Doctors and vets deserve our gratitude
HAVE you ever watched Channel 4’s ‘The Supervet’? It profiles the work done by Laois man Noel Fitzpatrick and his team in ‘fixing’ animals. It’s a programme about love, skill, dedication and technology.
After last week’s programme a friend of mine, who has had a knee replacement operation, had seen the ‘Supervet’ programme, phoned me to say how amazing she found it. I knew exactly what she was saying because I have seen the programme and also saw Noel Fitzpatrick being interviewed on television. He comes across as a remarkable man. He refers to vets as gatekeepers of unconditional love. If someone says that they are ‘only animals’ he immediately points out that we are all ‘only’ animals and we are all going to die.
I remember my late father saying how important it is for children to be around pets as it helps them to learn how to be kind. “People who are not kind to animals will not be kind to humans,” he would say. How true. Like everything else in our lives, when things are going well and we are in good health we can easily take our doctors and nurses for granted. Okay, I hear you say that our doctors are well paid for the work they do but so often their dedication is way and above the call of duty.
My friend who had her knee replacement has been through the mill and the pain has been horrific. But all the time she has placed her complete confidence in the doctor who performed the operation. Last week on returning from a consultation, she expressed the confidence he had given her. He told her she was doing well, that the operation had been a great success. Those words made her feel good and gave her the strength to throw away one of the crutches. His skills and the skills of his team, plus their dedication and genuine concern for their patient was always a confidence-building experience for her.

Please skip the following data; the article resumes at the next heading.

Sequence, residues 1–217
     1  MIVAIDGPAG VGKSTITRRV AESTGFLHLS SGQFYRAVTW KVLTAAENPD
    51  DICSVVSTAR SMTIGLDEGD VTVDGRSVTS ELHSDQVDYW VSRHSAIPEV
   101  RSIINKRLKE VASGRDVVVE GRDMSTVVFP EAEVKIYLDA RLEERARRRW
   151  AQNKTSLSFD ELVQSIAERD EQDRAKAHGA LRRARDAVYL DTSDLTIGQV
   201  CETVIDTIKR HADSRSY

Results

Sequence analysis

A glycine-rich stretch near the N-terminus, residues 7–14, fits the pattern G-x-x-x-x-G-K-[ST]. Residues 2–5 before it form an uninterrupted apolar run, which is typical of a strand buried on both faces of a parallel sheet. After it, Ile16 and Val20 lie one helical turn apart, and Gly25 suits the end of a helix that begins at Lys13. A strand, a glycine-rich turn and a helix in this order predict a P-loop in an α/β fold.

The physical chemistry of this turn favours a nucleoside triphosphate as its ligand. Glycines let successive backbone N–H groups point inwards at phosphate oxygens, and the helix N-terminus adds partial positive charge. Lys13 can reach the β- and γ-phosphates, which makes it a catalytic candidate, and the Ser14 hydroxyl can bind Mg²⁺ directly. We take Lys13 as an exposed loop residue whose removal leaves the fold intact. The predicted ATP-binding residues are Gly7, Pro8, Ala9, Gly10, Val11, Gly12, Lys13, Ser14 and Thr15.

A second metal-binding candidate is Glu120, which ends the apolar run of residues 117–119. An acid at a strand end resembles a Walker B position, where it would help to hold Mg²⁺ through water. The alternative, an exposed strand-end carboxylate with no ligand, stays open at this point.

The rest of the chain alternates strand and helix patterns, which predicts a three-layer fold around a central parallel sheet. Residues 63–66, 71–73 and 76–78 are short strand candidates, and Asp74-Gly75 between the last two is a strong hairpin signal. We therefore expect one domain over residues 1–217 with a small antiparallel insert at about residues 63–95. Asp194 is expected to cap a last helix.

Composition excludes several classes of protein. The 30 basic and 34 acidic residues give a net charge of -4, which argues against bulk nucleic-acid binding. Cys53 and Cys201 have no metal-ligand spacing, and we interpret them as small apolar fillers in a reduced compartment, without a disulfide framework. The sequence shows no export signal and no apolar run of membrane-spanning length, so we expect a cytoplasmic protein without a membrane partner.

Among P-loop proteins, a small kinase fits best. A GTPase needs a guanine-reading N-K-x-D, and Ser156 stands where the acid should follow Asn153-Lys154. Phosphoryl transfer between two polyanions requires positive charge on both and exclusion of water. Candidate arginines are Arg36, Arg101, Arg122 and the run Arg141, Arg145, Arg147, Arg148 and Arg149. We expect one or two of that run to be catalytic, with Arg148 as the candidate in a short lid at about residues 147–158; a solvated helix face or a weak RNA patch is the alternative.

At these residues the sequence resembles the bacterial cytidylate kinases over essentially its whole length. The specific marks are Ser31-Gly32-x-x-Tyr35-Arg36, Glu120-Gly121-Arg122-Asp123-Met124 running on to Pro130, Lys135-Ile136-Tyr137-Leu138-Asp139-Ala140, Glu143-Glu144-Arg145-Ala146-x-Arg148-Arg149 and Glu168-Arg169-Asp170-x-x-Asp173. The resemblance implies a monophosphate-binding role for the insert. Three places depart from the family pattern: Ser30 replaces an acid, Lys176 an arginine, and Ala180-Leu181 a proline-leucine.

Some years ago I moved from Kerry to Dublin. It meant I had no doctor. In the last few months I have found a new GP. I can’t get over his kindness. I take his expertise and professionalism as a given. Some weeks ago I was worried about a health issue. I was almost embarrassed to face him about it and yet he made me feel completely at ease and dealt with the situation. Exactly what he does is replicated across the country. Of course some doctors and vets are better than others. But in the main it seems to me that our doctors do a great job. There is a young doctor who lives in my neighbourhood. I think he’s still in training but not sure. I’m an early riser and try to be out walking my dog before 6.30. I see him most mornings heading off in his car just as I leave my house.
Doctors work hard and then to think of all the pain and human suffering they see every day. They have to go to tell mothers and fathers, sisters and brothers, husbands and wives about death, brain injuries, losing limbs. It’s a long list. No matter how often they tell such terrible stories it must always be emotionally draining for them. That, mixed with their expertise, surely makes them special people. They deserve our gratitude. They mend us. It’s that mending that makes Noel too such an inspirational person.